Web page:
Figure 4: (Color online) BLS intensity distribution for (a)  GHz and (b)  GHz. Both intensity maps show strongly directed spin-wave beams along the angle . The lines in the maps are guides to the eye to identify the propagation angle . The blue dots in the graphs indicate the position of the measurement presented in Fig. 1.

This observation of spin-wave beams with small transversal aperture is reminiscent of the results in Refs. 3magnon1, ; 3magnon2, , where nonlinear three-magnon scattering in yttrium iron garnet is reported. However, in that case, the propagation direction of the nonlinearly generated spin wave is given by momentum conservation in the scattering process. In contrary, in our case, due to the strong localization of the edge mode, the assumption of a well-defined initial wavevector and, thus, a strict momentum conservation is not justified. In particular, it is not possible to find an initial wavevector that allows for the nonlinear generation of the second and third harmonic at the same time still respecting momentum conservation.

In the following, we will describe the observed propagation characteristics using the properties of the anisotropic spin-wave dispersion in a magnetic thin film.dispersion (); kaustic_Py (); kaustic_YIG () Because of this anisotropy, the direction of the flow of energy, which is given by the direction of the group velocity of the investigated spin waves, can differ significantly from the direction of its wavevector . To estimate the relevant range in k-space in our experiment, we have to consider the lateral dimensions of the source for the nonlinear processes. Since the excitation by the oscillating Oersted field is most efficient directly below the antenna, the edge mode has the highest intensity in this region given by the width of the antenna of m. The spread of the edge mode in y-direction can be estimated from the intensity map in Fig. 2(a) to be smaller than 1 m. Because of this localization, the edge mode in our measurement at  GHz can be regarded as a source for the nonlinear emission of the higher harmonics with lateral dimensions of approximately m. As a first approximation, the Fourier transformation of this geometry lets us estimate the maximum wavevector that can be excited by the edge mode to be m. As we will see, the direction of the group velocity can be assumed to be constant for most wavevectors that can be excited. This finally leads to the formation of the caustics in our experiment.

For given frequency and external field, the iso-frequency curve can be calculated analytically from the dispersion relation. Calculations for  GHz and  GHz are illustrated in Fig. 5(a), where is shown as a function of . Using this data, we calculate the direction of the flow of energy of the spin waves relative to the externally applied field by:

(2)

Figure 5(b) shows the calculated propagation angle in the CMFS waveguide as a function of . The most important feature in the trend of is the small variation of in the range of m for both frequencies and . While the wavevector changes, the direction of - and, thus, the flow of energy - keeps almost constant as a function of . In this range, which includes the maximum wavevector m that can be emitted from the edge mode (see considerations above), the calculations yield and as mean values, respectively. The dash-dotted lines in Fig. 5(b) represent the propagation angles of the spin-wave beams observed experimentally as shown in Fig. 4 ( and ). The comparison of experimental findings and analytical calculations shows an agreement within the expected accuracy of our measurement setup and is, therefore, supporting our conclusion. Higher harmonics with m are emitted with strongly varying directions from the edge mode and can be regarded as a negligible background in our measurement.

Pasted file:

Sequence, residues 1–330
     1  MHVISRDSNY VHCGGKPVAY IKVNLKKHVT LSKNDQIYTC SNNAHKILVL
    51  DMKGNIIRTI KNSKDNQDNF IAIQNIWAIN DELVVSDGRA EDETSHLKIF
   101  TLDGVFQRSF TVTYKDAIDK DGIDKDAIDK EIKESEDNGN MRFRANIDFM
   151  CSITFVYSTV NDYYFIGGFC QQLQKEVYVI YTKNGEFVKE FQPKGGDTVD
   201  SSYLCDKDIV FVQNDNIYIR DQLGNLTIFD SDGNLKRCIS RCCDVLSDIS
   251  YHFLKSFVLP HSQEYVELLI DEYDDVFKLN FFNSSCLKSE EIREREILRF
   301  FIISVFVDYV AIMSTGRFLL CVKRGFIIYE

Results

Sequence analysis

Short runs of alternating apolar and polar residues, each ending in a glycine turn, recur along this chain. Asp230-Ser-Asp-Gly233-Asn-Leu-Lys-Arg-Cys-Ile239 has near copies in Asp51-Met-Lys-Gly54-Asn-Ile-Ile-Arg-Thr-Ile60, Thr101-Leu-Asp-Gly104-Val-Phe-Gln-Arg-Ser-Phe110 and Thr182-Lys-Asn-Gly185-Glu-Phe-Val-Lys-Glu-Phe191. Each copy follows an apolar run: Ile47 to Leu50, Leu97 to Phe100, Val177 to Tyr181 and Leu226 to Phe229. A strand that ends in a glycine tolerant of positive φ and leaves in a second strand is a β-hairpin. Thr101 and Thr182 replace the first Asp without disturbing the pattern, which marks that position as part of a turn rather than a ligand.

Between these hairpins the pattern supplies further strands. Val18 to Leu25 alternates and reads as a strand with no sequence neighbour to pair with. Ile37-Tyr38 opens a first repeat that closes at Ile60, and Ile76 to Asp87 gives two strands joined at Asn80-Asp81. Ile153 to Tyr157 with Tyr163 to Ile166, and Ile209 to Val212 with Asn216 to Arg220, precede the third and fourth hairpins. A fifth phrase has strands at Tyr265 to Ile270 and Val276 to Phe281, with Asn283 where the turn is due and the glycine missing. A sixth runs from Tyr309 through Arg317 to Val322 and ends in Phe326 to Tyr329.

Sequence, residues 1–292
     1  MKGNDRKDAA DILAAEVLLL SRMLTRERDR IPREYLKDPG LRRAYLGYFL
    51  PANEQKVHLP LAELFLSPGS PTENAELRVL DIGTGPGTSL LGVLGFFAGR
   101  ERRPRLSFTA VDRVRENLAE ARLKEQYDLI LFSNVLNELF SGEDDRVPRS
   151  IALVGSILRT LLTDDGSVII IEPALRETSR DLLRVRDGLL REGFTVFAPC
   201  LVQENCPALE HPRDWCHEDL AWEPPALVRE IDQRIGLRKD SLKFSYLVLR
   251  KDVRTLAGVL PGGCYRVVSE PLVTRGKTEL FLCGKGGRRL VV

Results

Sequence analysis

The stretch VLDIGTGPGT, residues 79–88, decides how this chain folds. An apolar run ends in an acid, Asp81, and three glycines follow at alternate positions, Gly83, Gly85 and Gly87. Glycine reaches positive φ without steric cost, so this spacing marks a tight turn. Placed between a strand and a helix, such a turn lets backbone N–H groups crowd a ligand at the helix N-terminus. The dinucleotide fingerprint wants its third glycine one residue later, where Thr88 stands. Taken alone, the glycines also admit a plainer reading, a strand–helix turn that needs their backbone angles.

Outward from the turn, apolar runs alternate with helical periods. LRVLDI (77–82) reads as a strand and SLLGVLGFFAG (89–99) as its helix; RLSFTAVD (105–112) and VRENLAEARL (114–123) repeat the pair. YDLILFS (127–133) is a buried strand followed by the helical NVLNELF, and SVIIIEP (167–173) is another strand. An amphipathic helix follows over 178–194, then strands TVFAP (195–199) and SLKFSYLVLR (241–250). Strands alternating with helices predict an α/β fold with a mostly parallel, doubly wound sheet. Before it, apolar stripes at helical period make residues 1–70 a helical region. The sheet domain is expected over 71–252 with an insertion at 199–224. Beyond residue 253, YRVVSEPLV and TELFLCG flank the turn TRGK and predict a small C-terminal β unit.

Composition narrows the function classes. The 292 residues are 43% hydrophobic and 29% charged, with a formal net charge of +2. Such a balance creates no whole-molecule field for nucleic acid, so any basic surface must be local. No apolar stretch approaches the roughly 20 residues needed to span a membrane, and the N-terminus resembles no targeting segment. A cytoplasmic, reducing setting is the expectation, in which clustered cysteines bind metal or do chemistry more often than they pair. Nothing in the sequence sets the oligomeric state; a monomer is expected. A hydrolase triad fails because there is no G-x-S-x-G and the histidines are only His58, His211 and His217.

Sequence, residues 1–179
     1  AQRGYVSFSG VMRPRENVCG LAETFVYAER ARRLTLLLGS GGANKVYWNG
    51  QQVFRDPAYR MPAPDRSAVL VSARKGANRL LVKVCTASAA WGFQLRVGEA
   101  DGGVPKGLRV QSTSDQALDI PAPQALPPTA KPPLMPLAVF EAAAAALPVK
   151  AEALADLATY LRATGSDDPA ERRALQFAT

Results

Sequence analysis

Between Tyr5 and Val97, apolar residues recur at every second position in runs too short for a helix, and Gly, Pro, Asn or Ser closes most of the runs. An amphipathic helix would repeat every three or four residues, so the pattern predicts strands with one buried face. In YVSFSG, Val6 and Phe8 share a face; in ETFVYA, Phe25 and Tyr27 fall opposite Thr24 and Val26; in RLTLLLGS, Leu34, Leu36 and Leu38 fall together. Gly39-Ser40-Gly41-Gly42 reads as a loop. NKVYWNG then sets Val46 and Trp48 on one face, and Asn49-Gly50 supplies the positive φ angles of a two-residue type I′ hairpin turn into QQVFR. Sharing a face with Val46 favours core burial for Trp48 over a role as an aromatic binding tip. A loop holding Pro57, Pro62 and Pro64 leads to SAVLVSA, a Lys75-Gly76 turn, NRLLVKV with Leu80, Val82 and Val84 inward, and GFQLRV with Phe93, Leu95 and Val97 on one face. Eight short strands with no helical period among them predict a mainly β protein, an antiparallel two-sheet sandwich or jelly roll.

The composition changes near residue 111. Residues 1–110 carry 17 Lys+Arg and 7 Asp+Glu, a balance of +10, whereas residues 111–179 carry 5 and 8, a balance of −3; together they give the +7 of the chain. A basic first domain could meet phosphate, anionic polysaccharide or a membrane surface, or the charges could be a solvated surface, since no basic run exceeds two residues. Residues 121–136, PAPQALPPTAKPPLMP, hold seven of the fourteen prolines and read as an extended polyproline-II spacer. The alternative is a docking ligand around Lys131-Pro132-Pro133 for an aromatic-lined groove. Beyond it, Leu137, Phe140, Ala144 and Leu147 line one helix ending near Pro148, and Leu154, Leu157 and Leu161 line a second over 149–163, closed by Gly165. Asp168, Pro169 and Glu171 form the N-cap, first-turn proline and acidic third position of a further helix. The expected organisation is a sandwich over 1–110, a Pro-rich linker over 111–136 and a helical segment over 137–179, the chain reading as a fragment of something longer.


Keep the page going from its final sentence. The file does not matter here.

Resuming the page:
Figure 5: (Color online) Analytical calculations according to Ref. dispersion, . (a) Iso-frequency curves for  GHz and  GHz. Based on these calculations exemplary directions for , , and the propagation angle are shown in the graph. (b) Radiation direction calculated from the iso-frequency curves shown in (a). Dash-dotted lines correspond to the angles observed in the experiment.

In summary, we reported nonlinear higher harmonic generation from a localized source in a micro-structured CMFS waveguide leading to the emission of strongly directed spin-wave beams or caustics. This observation results from the complex interplay of different phenomena in magnonic transport in magnetic microstructures. The localization of an edge mode due to demagnetizing fields in the waveguide leads to the formation of a source for the following nonlinear processes. The nonlinear higher harmonic generation results in the resonant excitation and emission of propagating spin waves at and in a wavevector range corresponding to the localization of the edge mode. The experimentally observed power dependencies of the different spin-wave modes show the expected behavior for direct resonant excitation and nonlinear higher harmonic generation. As shown by our calculation, the anisotropic spin-wave dispersion yields a well-defined direction of the flow of energy of the emitted spin waves in the relevant range in k-space. The calculation is not only qualitatively in accordance with our experimental findings but does also show quantitative agreement.

We gratefully acknowledge financial support by the DFG Research Unit 1464 and the Strategic Japanese-German Joint Research from JST: ASPIMATT. Thomas Brächer is supported by a fellowship of the Graduate School Materials Science in Mainz (MAINZ) through DFG-funding of the Excellence Initiative (GSC 266). We thank our colleagues from the Nano Structuring Center of the TU Kaiserslautern for their assistance in sample preparation.